Triple I Goats 

Black, Red, Dapple, Paint, & Traditional Boer Goats For Sale In PA

 

Biosecurity Plan for Goats:

Biosecurity refers to management practices designed to prevent the introduction of illnesses and disease. Illnesses and disease will compromise the quality and quantity of the products produced by the farm.

Implementing a biosecurity plan is important to every producer and will prevent the loss of income, loss of production, loss of livestock, and loss of labor. By implementing a biosecurity plan, everyone will benefit.

The following are suggested steps for establishing a biosecure farm:

  • Write a biosecurity plan taking into consideration the illnesses/diseases of greatest concern to you and their mode of transmission.

 

  • Establish a biosecure area. This is a parameter around your barns and livestock, an area at which strict guidelines will have to be followed before visitors are allowed to proceed.

 

  • Limit visitors to your farm. Biosecure signs, gates, or fences should be used to prevent uninvited visitors from gaining access to your livestock and barns while you are away.

 

  • Visitors should wear boots or shoes that have sealed soles and sides, disinfect them prior to entering the farm by providing a foot bath. If sandals or inappropriate shoes are warn, provide bio-boot covers to be warn overtop of the shoes.

 

  • Ask visitors to wear clean clothing that have not been warn around livestock of another farm. Provide disposable coveralls if clean clothing is not warn or ask that the visitors remain outside the biosecure parameter.

 

  • Limit the number of vehicles inside of the biosecure parameter to those that are essential for the farms business. If it is a vehicle that visits other farms, disinfect the tires prior to entry.

 

  • Control insect populations and the access of wildlife, rodents, birds, and domesticated animals.

 

  • Ensure that feed is not contaminated by manure, urine, or rodent droppings.

 

  • Never reuse needles and disinfect reusable equipment between animals.

 

  • Frequently examine your herd for signs and symptoms of illness or disease.

 

  • Vaccinate your herd for illnesses and diseases when vaccines are available.

 

  • Enroll in the Federal Scrapie Program.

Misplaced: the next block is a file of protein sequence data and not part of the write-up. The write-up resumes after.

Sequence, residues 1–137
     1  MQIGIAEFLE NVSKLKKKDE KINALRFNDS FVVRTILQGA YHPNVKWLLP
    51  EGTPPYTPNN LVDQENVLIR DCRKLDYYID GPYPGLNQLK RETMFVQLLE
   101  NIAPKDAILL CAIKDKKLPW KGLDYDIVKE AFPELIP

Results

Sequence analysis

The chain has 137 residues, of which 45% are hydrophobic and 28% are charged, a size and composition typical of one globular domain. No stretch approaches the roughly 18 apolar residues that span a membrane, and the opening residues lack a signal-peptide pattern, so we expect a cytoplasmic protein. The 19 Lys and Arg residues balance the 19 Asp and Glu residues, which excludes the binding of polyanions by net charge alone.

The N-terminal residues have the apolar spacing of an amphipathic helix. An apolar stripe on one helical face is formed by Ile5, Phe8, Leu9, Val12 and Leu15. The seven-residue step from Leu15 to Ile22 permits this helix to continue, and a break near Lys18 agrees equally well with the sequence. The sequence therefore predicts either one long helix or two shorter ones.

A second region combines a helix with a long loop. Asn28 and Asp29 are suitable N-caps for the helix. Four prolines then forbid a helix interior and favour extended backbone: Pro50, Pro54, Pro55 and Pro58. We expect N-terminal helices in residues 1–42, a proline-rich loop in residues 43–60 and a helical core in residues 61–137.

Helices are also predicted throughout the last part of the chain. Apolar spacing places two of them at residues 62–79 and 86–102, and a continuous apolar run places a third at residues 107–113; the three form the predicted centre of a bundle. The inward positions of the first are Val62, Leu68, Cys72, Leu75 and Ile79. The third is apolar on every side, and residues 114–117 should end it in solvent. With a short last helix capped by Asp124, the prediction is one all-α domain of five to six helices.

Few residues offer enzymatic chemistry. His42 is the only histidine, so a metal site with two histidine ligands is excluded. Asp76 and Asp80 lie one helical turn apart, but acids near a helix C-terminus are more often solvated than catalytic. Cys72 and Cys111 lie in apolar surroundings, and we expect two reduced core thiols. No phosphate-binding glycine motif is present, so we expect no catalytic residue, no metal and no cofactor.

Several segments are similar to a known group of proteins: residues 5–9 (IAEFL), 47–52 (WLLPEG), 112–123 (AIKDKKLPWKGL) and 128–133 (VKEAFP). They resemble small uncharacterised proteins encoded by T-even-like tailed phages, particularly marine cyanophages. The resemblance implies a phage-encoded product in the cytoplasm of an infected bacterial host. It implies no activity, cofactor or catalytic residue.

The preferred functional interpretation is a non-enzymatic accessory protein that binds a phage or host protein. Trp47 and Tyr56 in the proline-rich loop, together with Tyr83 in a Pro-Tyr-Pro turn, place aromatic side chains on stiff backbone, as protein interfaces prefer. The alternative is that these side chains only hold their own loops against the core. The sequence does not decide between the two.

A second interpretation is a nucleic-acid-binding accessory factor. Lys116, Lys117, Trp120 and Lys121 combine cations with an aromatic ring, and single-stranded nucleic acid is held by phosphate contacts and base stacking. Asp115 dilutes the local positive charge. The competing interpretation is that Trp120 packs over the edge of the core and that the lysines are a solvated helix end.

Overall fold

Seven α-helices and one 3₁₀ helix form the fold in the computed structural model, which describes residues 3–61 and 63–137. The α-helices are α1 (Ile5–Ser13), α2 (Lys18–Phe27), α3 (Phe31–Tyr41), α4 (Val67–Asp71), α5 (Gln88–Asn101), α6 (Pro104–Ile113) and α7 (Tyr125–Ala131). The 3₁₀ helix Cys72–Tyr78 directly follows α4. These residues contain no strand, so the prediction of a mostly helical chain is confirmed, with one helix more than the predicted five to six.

• Deworm & Delice on a regular basis and do fecal exams to ensure the success of your parasite control program.

 

  • Treat animals returning from and exhibition as new arrivals by quarantining them in an area away from the rest of the herd.

 

  • Keep accurate and up-to-date health records on all animals. Health records should include information such as the animals ID, animals age, vaccines or medications given, dates given, amounts given, and purpose for giving.

 

  • Quarantine any new animals in an area away from the rest of the herd until you are confident that they are healthy. During this time, you should have little contact with the animal, always feed and water the quarantined animal last, dip shoes after feeding or wear a separate pair of shoes that are only to be warn in the quarantined animals pen, change and wash clothing and shower after being around the quarantined animal. During the quarantine period, this is a good time to trim the hooves, vaccinate and deworm the new animal. Use disposable equipment whenever possible and thoroughly disinfect equipment that is not disposable. Monitor the animal closely for any signs of illness/disease. Whenever possible, test new arrivals for various diseases such as: CAE (Caprine Arthritis), Johne¬ís disease, TB, Chlamydiosis, Brucellosis, or any other test that your Veterinary recommends.

 

By following the above steps, you will be able to provide a sound and controlled environment for your livestock. You will greatly reduce the risks of illness and disease to your herd and you will ultimately reap the benefits of your precautionary measures